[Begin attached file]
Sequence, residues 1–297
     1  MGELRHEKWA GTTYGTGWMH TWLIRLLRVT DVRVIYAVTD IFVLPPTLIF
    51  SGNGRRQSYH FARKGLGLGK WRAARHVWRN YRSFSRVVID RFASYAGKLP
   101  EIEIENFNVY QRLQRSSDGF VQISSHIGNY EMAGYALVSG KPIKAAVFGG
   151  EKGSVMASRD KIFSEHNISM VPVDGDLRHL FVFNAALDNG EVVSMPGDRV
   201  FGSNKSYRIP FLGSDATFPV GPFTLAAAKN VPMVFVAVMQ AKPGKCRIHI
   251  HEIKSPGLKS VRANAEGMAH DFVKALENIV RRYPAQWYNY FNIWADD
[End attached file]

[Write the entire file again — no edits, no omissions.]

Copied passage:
Sequence, residues 1–297
     1  MGELRHEKWA GTTYGTGWMH TWLIRLLRVT DVRVIYAVTD IFVLPPTLIF
    51  SGNGRRQSYH FARKGLGLGK WRAARHVWRN YRSFSRVVID RFASYAGKLP
   101  EIEIENFNVY QRLQRSSDGF VQISSHIGNY EMAGYALVSG KPIKAAVFGG
   151  EKGSVMASRD KIFSEHNISM VPVDGDLRHL FVFNAALDNG EVVSMPGDRV
   201  FGSNKSYRIP FLGSDATFPV GPFTLAAAKN VPMVFVAVMQ AKPGKCRIHI
   251  HEIKSPGLKS VRANAEGMAH DFVKALENIV RRYPAQWYNY FNIWADD